Philosophical title, eh?

It’s been a while and I thought I’d make a change to my old style of just posting excerpts from whatever story I happen to be working on. Blogs are supposed to be more about the person, not just what they do.

I’m not very good at being a normal person though, so this is gonna take some getting used to.

Well, here goes…

I’ve been writing for a good number of years now, around five or six of which have been spent writing a novel. Said novel went through a few iterations before I finally settled on what I wanted and, eventually, I finished writing it – the feeling was fantastic. But the idea of editing it just made me bury my head in the sand, so it sits unedited to this day. I kept telling myself I’d go back to it, but other ideas would come along and I’d start writing those instead, and now it’s got to the point where other ideas mean that huge changes need to be made to the story, for it to tie into what I have planned next.

I even started to wonder if being a writer was really who I am, really what I want to do. Often I’d question myself because (and I realise how silly this is now) so-called experts/professionals on social media would say things like, “if you don’t write every day, you aren’t a writer,” or something to that effect. It got me down, so much so that I questioned my own future, and nobody worth anything would cause someone to think like that.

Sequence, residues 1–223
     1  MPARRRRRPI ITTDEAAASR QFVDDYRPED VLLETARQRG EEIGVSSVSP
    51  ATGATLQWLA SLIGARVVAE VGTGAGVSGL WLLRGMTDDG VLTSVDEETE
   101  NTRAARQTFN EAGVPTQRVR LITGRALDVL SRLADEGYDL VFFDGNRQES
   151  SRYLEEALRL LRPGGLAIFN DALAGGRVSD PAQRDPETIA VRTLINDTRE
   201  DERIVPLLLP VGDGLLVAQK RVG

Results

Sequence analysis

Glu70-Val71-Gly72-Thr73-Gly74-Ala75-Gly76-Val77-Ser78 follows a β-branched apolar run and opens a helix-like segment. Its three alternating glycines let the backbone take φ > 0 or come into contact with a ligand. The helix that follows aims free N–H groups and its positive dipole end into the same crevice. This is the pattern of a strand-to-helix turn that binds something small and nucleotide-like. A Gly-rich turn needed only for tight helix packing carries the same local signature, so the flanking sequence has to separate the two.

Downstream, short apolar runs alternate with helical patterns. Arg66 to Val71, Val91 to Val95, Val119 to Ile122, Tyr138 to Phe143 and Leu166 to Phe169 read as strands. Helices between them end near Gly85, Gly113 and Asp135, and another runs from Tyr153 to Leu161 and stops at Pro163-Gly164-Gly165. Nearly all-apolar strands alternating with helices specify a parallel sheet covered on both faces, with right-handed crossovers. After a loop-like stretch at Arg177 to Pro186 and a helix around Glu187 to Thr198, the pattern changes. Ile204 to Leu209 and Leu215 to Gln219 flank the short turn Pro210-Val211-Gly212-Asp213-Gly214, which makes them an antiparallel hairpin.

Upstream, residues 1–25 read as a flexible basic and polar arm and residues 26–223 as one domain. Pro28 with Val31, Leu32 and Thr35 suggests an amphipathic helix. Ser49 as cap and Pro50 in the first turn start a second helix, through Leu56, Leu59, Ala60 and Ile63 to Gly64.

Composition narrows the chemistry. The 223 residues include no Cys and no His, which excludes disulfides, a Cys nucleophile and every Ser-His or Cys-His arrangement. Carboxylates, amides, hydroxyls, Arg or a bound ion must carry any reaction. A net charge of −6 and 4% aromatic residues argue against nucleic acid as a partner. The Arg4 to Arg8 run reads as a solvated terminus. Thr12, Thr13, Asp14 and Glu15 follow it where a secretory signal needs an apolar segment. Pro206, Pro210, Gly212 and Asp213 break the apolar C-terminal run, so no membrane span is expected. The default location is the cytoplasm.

So, I took a look inside myself (not literally, that would be decidedly fatal) and I realised that I’m in a job that I’ve grown to hate, I’d taken to spending most of my time alone and would even refuse to go out with friends, because I’m no good at talking to people and I didn’t want my friends to see that.

Ask me to write a conversation between fictional characters and I can write pages of dialogue, to a reasonably decent and realistic standard. Ask me to have a conversation with real people? Words fail me.

What can I say? I’m a writer, not a talker.

Having said all that, I’m taking steps to improve things. I’ve given myself six months to leave my current job and find a way into the writing career I want. I’m going to genuinely make changes to the novel and, once ready, I’ll edit it or at least release it to beta readers.

I’ve even started reviewing games with a view to a career in games journalism, and now have around ten published reviews online.

Hell, I’m also actively being more social with friends and colleagues.

None of this is easy, and all of it will take time, but it’s a start.

A sorely needed, fresh start.

It’s been a while, hasn’t it?